titanium dioxide dusts, slight fibrosis was occasionally found in
the lung tissue. However, the exposure in these studies was not to
pure titanium dioxide and a possible explanation for the fibrogenic
activity may be concomitant exposure to other elements, such as
silica (SiO2). Autopsy studies on workers exposed to titanium
dioxide for long periods have not shown any evidence of fibrogenic
activity. This is consistent with the few epidemiological surveys
made on working populations exposed to titanium dioxide dusts. In
one report, slight fibrosis was observed, but this may have been
due to the coating material containing aluminium silicate rather
than the titanium dioxide.
In studies on rats, intratracheal administration of 50 mg of
titanium nitride induced a weak fibrogenic effect after 6 months.
Slight fibrosis was detected in similar studies in which rats were
exposed to titanium hydride, boride, or carbide. Data on the
exposure of man to such titanium compounds are lacking.
Results of long-term toxicity studies showed that titanium, in
the form of a soluble salt, administered to mice in the drinking-
water at a concentration of 5 mg Ti/litre from weaning to natural
death, did not significantly affect life span. Feeding technical
grade titanium dioxide to guinea-pigs (0.6 g/day), rabbits (3
g/day), cats (3 g/day), and one dog (9 g/day) for 390 days did not
cause any adverse effects in the animals. Few data exist on the
systemic effects of titanium and its compounds. Intratracheal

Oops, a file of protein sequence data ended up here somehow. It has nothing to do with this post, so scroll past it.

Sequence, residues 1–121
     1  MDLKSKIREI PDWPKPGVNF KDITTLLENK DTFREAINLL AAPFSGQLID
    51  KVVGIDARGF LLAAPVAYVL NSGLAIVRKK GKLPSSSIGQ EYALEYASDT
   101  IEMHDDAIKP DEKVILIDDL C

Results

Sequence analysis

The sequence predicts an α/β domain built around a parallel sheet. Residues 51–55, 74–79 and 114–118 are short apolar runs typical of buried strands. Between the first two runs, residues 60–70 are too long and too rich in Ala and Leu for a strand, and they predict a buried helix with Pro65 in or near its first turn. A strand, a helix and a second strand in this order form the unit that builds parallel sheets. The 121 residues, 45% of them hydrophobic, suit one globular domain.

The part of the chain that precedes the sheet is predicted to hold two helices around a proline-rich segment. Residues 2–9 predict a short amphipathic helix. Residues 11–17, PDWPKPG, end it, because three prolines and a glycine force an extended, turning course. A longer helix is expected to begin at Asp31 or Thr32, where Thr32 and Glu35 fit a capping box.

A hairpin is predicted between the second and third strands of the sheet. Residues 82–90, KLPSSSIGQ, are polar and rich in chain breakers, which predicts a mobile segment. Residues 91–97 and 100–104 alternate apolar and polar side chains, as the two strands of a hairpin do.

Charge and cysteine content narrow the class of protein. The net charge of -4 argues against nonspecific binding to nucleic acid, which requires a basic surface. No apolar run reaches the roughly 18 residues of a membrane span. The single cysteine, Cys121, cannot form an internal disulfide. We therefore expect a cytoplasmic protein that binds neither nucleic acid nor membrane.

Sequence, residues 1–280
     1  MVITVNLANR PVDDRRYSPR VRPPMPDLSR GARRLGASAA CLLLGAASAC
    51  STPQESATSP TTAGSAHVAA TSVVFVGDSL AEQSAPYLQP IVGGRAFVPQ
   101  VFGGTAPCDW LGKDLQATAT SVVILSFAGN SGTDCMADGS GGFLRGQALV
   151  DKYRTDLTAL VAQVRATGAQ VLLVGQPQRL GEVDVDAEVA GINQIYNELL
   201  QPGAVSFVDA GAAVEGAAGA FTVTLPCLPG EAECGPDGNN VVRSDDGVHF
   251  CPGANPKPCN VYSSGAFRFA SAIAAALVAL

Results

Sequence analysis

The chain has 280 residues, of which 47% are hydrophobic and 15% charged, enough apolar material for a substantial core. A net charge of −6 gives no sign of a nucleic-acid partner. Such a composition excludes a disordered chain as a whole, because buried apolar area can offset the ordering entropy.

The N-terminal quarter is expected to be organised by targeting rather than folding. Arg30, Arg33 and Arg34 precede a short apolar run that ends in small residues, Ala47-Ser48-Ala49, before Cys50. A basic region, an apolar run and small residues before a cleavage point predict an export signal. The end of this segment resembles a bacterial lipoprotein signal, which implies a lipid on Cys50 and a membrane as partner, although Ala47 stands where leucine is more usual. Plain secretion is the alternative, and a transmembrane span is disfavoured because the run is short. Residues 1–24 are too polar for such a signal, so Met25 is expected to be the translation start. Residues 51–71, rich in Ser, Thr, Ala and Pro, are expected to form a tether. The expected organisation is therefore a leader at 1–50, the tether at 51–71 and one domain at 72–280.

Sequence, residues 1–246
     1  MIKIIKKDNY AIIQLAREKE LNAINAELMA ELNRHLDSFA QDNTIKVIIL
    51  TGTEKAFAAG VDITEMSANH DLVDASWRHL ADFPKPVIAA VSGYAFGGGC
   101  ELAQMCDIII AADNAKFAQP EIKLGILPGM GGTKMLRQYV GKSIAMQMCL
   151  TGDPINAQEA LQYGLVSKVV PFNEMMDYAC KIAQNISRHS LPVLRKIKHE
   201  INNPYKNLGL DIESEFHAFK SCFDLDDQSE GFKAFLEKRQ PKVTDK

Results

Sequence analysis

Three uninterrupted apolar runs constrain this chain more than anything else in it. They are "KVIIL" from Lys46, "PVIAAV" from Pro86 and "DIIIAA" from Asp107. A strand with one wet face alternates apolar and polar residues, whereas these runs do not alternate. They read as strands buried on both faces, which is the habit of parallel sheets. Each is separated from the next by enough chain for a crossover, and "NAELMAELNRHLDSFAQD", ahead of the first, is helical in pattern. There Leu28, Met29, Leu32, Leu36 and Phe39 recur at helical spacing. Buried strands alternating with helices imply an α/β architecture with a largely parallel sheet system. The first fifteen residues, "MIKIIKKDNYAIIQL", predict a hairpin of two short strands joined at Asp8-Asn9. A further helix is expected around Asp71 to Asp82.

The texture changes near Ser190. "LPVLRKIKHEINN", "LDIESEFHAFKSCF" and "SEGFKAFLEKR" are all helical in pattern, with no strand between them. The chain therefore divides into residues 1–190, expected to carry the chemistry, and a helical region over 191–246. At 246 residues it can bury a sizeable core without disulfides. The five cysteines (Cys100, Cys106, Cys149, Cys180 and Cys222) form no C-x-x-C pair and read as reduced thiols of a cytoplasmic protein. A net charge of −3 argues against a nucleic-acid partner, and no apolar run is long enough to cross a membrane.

administration of 50 mg of titanium hydride to rats induced
dystrophic changes in the myocardium, liver, and kidneys. Similar
effects were seen after administration of titanium boride or
carbide to rats.
A dose-related mortality rate was found in mice exposed to
hydrolytic products of titanium tetrachloride through inhalation
for 2 h (titanium compounds plus hydrochloric acid).
Accidental splashing of workers with titanium tetrachloride and
exposure to aerosols of titanic acid and titanic oxychloride led to
skin burns with scarring, and congestion of the mucosa in the upper
respiratory tract, followed later by cicatrization and laryngeal
stenosis. Accidental exposure to liquid titanium tetrachloride,
which was then washed off, resulted in severe burning of the skin,
due to an exothermic reaction between the titanium tetrachloride
The only carcinogenic effect of titanium, so far reported,
consisted of the development of fibrosarcomas at the site of
injection in rats injected with either titanium metal or titanocene
suspended in trioctanoin.
In a 3-generation study on rats, titanium potassium oxalate (5
mg/litre) in the drinking-water caused a marked reduction in the
numbers of animals surviving to the third generation.
1.1.6. Evaluation of health risks
Titanium compounds are poorly absorbed from the gastro-
intestinal tract, which is the main route of exposure for the
general population. Available data on the occurrence of titanium
and titanium compounds in the environment, as well as data on
toxicity, indicate that the current level of exposure of the
general population does not present a health risk. In the
occupational environment, exposure occurs through inhalation and
titanium is retained in the lungs. Dose-effect and dose-response
relationships have not yet been established for any of the effects
of various titanium compounds.
Titanium metal in surgical implants is well tolerated by
tissues and titanium compounds, such as titanium dioxide,
salicylate, and tannate, have been used in cosmetics and in
pharmaceutical and food products, without any reported adverse
A variety of animal and human studies have shown that inhaled
titanium dioxide is biologically inert. Weak fibrosis, found in
association with exposure to various titanium dusts, is likely to
be due to concomitant exposure to other components rather than to
the titanium dioxide.
According to animal studies, titanium nitride, hydride,
carbide, and boride may have fibrogenic effects. These compounds
have also been observed to cause liver and kidney dystrophy.
Titanium tetrachloride causes skin burns and is strongly irritant